Saturday, November 7, 2009
THE SPY WHO CAME IN FROM THE COLD/John Le Carre
If you want a history lesson in how things were during the beginning of the Cold War, read this book. Yes, it's fiction, and yes, it's about a spy, but it will give you a more accurate view of how things work in espionage. Why? Le Carre himself worked as a spy in British Intelligence for years before writing this novel.
This is the antithesis of the Bond novels (and films)—and I'm certainly not knocking those, because who doesn't need a little Bond in their lives, especially now that he's played by Daniel Craig? But Le Carre's novel gives a more realistic glimpse into how things really are for spies. It's mundane work, no more exciting than your average office job.
For Alec Leamas, it's even worse. When his last agent is murdered behind the Wall, his boss approaches him for one last mission—one that will (hopefully) take down East Berlin Intelligence.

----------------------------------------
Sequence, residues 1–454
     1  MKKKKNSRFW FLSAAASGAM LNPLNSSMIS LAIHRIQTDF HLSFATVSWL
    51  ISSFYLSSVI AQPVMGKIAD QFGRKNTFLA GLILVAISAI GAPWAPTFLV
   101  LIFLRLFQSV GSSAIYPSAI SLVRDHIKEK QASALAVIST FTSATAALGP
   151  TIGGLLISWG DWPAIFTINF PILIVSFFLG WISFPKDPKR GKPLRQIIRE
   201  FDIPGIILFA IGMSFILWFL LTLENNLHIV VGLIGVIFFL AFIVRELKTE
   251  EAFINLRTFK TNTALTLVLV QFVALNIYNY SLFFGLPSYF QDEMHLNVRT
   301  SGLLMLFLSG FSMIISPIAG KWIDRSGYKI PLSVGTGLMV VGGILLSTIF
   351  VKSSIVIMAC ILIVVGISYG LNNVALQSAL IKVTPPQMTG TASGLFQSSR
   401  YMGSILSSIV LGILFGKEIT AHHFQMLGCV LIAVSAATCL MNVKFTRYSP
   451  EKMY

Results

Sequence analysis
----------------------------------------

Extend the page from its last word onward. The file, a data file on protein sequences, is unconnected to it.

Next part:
All Alec has to do is play the part of an agent on the decline, one who drinks too much and sleeps too little, an agent on the outs. In other words, one who's ready to be turned. He does the part with so much aplomb it was difficult to remember he wasn't actually a lush. But then he meets a young woman, a librarian, and all hell breaks loose in his life.
Le Carre, I think, pokes a bit of fun at Western-style Communists, those thin, emo people I used to see early in my childhood (I forget where, maybe on TV). They dressed in black and handed out some Communist paper. But in TSWCIFTC they were harmless, people playing games and had no idea how real Communists operated. Le Carre obviously did, and he shows you in the last scenes of the novel.
I won't give you any spoilers if you haven't read it. Just know Le Carre doesn't pull any punches. I can't wait to read more of his work.